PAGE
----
Habitat Island wildlife now includes party animals

Urban sanctuary in False Creek a popular spot for drinking, recycling, music and police

If you wander to the edge of Olympic Village, a small path stretches into False Creek leading to a miniature island crowned with boulders, logs, trees and flowers.

Welcome to Habitat Island, an urban sanctuary the Vancouver park board hopes will attract wildlife and vegetation. But in the wake of popularity due to the seclusion and creek’s scenery, the island has been attracting something else: drinking and smoking.

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Under a warm sunset on the island last week, a jam session with three guitars and a ukulele played “Folsom Prison Blues.” A large group of friends enjoyed cold beers, smoked joints and listened to music on a portable stereo. A well-dressed couple had dinner out of a picnic basket and sipped wine from glasses.

“There have been individuals from all walks of life,” said Vancouver Police spokesperson Const. Brian Montague.

The park board works with the VPD to keep the island clean and safe. Summer months have seen more island frequenters.

Park board vice chair Constance Barnes is not surprised as public drinking and smoking are common issues city parks and beaches face.

“I know the young ones want to party and go out there,” said Barnes, “but if you see a few couples sitting there quietly contemplating life or looking at the wildlife and the little critters, I would ask graciously that we all support each other.”

May Bosaing, 23, often hangs out on the island with friends and has ideas why it’s attracting this sort of activity.

“It’s accessible, close to the liquor store and transit and has an awesome view,” said Bosaing. “It is somewhat secluded. Unless you’re really compelled to go to the island you never see what activities are going on there.”

Island frequenters like Bosaing have another name for the hidden hangout spot: Beer Island. Nearby Legacy Liquor Store has many beverages in its fridges and there are three microbreweries in the neighbourhood.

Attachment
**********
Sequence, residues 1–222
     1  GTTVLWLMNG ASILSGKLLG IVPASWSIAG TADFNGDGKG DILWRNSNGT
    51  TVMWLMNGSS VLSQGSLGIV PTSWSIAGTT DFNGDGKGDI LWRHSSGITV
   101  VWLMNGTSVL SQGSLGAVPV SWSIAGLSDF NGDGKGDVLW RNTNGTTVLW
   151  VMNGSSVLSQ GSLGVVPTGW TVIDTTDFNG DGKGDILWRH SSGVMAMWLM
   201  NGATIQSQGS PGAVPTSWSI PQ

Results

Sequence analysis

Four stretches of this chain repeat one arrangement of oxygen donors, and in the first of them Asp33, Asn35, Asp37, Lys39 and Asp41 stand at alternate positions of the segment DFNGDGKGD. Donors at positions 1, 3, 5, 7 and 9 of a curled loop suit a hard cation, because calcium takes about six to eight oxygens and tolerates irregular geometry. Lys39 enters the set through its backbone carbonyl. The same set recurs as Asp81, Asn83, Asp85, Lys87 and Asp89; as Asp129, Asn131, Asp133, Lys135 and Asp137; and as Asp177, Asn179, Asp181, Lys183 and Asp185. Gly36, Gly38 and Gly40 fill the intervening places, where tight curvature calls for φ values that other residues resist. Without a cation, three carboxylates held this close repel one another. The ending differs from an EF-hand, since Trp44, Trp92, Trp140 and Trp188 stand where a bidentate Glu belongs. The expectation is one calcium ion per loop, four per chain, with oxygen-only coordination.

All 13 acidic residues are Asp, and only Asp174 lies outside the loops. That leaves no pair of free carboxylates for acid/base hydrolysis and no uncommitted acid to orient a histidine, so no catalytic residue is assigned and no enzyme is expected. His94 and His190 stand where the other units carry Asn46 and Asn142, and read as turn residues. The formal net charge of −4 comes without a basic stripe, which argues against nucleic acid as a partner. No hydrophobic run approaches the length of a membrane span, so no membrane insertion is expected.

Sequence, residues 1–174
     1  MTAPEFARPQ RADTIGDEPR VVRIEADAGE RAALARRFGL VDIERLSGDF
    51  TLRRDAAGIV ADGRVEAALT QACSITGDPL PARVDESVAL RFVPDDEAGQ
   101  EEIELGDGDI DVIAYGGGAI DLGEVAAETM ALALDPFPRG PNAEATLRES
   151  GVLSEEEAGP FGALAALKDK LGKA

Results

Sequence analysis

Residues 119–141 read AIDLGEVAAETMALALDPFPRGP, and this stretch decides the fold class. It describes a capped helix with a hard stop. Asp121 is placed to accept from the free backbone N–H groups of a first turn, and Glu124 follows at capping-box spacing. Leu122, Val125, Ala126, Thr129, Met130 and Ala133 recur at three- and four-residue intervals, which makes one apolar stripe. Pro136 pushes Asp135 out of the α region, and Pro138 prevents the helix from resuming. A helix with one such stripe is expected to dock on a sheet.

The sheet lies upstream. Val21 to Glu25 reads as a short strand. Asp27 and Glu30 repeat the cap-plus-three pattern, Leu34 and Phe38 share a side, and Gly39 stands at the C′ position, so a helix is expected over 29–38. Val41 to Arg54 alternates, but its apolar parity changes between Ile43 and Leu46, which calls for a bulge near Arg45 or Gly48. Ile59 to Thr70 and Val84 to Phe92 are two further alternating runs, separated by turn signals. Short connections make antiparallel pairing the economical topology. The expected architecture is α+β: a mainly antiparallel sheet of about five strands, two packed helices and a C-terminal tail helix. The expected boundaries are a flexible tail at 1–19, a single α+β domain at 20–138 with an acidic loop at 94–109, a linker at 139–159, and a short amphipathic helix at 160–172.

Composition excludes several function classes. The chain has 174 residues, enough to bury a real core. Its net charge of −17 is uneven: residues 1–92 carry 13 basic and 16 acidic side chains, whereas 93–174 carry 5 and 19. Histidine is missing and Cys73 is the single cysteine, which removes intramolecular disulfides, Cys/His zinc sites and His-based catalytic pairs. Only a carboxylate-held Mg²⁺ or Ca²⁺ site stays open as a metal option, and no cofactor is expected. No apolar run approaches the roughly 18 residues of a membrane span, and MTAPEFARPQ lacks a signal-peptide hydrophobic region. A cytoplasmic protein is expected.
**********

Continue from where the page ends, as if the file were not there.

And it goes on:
According to Montague, when police encounter individuals who are engaged in public drinking or disturbing the peace they are usually evaluated on a case by case basis. “Some individuals are apologetic and cooperative, some are belligerent,” he said.

Officers’ responses range from asking individuals to pour out liquor to issuing tickets. “I can tell you if you’re caught drinking in public, it’s a potential $230 fine,” said Montague.

Bosaing said individuals who cause a disruption are asking for trouble, but some people just want to have a casual beer. “Vancouverites in general are responsible. The intention is not to get hammered.”

Barnes hopes visitors will not leave trash behind. She recalled crabs, starfish and sand dollars back in her day. “We want to restore what used to be. Honour the land as it used to be.”

Besides park board staff, there is an amiable relationship that helps keep the island clean. Seniors with large bags and trolleys often visit the island to collect recyclables. Individuals who drink often hand them their empty cans and bottles.

“It’s a curiosity,” photographer Jeremy Lim said of the island.

The spot has many attractions that do not involve downing a cold one. “It’s this beautiful place to watch sunsets and watch dragon boaters go by and it’s really great running along the sea wall,” said Lim. “It almost feels like people can get away from the city.”



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